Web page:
Search for "south asian canadians"

Displaying 221-240 of 306 results
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St George's

St George's, NL, incorporated as a town in 1965, population 1207 (2011c), 1246 (2006c). The Town of St George's is located on the southeast side of St George's Bay, on the west coast of Newfoundland.

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Moosonee

Moosonee, Ont, incorporated as a town in 2001, population 1725 (2011c), 2006 (2006c). The Town of Moosonee is located on the Moose River, 25 km from James Bay.

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Huntsville

Huntsville, Ont, incorporated as a town in 1900, population 19 056 (2011c), 18 280 (2006c). The Town of Huntsville is located 215 km north of Toronto on a short section of the Muskoka River connecting Vernon and Fairy lakes.

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Torbay

Torbay, NL, incorporated as a town in 1972, population 7397 (2011c), 6281 (2006c). The Town of Torbay is located 10 km north of ST JOHN'S overlooking Torbay Bight.

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Farnham

During the first 40 years (1810-50), the chief source of revenue was the manufacture of potash. The construction of the Stanstead-Shefford & Chambly Railway in 1857 began Farnham's remarkable progress as a railway centre, thanks to its geographic position and competition among railway promoters.

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St Pierre-Jolys

St-Pierre-Jolys, Manitoba, incorporated as a village in 1947, population 1099 (2011c), 839 (2006c). The Village of St-Pierre-Jolys is located 56 km southeast of WINNIPEG near the Rat River.

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Coral Harbour

Coral Harbour, Nunavut, incorporated as a hamlet in 1972, population 891 (2016 census), 834 (2011 census). The hamlet of Coral Harbour is located at the head of South Bay on Southampton Island in Hudson Bay, 715 km southeast of Iqaluit. The name Coral Harbour is descriptive and refers to the fossilized coral in its harbour. The Inuit’s traditional name for the site and the island, Salliq, is also descriptive and means “flat island.”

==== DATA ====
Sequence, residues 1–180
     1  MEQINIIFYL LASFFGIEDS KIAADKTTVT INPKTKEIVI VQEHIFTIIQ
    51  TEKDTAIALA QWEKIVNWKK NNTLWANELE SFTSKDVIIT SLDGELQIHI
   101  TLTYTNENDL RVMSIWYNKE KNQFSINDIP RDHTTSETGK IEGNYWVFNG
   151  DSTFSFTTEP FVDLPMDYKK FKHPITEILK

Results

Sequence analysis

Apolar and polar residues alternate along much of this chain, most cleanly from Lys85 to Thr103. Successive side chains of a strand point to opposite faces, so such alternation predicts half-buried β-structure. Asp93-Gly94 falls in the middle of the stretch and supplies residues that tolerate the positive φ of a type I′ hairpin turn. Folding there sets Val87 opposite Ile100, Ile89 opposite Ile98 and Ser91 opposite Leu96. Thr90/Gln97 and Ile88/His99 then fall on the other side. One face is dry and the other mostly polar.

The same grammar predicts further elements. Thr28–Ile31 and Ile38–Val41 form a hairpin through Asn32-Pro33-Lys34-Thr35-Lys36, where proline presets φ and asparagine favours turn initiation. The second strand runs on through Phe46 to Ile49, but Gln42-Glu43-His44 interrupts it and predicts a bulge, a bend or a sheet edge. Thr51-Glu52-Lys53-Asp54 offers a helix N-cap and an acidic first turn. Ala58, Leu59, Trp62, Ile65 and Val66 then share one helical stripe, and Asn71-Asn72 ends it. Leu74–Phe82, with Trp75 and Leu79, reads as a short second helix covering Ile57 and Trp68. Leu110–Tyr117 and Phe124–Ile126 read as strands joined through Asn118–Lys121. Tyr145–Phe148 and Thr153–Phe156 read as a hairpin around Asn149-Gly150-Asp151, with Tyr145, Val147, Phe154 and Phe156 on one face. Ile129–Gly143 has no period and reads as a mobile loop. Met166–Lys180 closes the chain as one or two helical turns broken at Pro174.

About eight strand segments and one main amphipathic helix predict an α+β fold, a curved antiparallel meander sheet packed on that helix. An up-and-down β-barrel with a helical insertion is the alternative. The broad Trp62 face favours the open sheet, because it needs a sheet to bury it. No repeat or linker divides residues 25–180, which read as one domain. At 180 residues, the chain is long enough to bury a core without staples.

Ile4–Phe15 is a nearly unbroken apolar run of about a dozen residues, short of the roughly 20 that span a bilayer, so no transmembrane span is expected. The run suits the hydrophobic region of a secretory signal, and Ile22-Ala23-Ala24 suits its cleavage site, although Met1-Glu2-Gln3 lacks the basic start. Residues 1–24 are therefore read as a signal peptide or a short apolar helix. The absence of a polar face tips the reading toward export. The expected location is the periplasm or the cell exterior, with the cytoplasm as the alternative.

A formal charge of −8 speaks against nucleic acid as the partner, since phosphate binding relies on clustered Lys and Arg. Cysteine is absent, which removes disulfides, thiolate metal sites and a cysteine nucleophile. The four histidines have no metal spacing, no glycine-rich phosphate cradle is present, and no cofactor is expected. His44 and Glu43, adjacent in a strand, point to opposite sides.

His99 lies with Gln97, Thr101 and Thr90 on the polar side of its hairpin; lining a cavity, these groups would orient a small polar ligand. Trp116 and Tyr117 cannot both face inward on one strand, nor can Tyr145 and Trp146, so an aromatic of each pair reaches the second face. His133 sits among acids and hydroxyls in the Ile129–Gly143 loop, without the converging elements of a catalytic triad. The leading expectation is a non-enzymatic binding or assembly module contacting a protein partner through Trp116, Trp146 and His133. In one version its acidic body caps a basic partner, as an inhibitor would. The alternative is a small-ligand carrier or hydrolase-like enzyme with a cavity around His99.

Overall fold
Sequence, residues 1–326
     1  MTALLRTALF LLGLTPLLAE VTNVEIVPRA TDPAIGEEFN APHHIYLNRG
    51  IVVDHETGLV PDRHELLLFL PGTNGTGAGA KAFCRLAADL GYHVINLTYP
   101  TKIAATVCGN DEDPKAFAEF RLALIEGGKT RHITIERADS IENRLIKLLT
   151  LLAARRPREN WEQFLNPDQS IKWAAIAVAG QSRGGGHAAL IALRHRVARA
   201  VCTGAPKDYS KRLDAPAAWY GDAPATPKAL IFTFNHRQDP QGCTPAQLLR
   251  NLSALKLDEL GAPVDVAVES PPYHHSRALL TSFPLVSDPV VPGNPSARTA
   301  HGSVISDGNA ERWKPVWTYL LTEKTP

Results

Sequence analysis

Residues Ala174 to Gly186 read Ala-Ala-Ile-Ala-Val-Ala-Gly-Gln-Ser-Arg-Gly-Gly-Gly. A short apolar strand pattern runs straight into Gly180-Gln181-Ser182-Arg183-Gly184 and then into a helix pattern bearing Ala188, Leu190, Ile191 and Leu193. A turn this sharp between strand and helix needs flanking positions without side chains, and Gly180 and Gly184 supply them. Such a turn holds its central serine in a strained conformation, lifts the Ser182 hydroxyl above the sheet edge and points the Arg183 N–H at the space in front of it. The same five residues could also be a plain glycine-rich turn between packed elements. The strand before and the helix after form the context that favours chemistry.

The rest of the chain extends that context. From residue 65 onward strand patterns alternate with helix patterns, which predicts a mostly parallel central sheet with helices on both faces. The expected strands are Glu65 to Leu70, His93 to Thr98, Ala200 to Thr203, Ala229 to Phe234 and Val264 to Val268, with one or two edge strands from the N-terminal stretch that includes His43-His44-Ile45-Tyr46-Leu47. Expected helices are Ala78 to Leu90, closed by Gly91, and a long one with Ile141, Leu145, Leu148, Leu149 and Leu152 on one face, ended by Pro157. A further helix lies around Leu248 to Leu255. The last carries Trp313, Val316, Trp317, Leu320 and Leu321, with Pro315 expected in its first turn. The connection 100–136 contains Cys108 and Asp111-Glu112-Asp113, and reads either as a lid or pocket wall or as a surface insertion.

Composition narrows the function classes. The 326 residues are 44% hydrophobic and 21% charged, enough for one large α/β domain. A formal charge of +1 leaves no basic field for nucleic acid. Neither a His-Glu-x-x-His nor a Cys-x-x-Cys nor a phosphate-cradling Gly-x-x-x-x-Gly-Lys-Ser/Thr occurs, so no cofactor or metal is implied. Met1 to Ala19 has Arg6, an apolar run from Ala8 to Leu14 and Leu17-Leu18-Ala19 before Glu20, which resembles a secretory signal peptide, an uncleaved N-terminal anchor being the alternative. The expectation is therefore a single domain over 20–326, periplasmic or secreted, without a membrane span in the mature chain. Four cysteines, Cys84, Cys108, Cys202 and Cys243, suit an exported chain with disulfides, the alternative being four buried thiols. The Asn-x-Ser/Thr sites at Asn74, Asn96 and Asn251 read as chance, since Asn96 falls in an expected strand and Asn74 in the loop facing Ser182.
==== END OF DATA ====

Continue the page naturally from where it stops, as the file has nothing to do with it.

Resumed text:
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Laterrière

The name was first applied to the township (1850) and then the parish (1882). They were named after Marc-Pascal de Sales Laterrière, who represented Saguenay in the Legislative Assembly of the Province of Canada.

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Cranbrook

Cranbrook, BC, incorporated as a city in 1905, population 19 319 (2011c), 18 329 (2006c). The City of Cranbrook lies near the western edge of the ROCKY MOUNTAIN TRENCH, in the Kootenay region, 845 km east of Vancouver.

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Metchosin

Metchosin, British Columbia, incorporated as a district municipality in 1984, population 4,708 (2016 census), 4,803 (2011 census). The District of Metchosin is located on Vancouver Island. It overlooks the Juan de Fuca Strait. Metchosin is part of the Greater Victoria area. From the late 1800s to 1958, a quarantine station operated at William Head in Metchosin. Many immigrants arriving to Canada by ship were quarantined at William Head before being allowed to enter the country. This was done in an effort to prevent the spread of infectious diseases common on overcrowded ships. In addition, from 1924 to 1956, there was a leper colony on nearby Bentinck Island.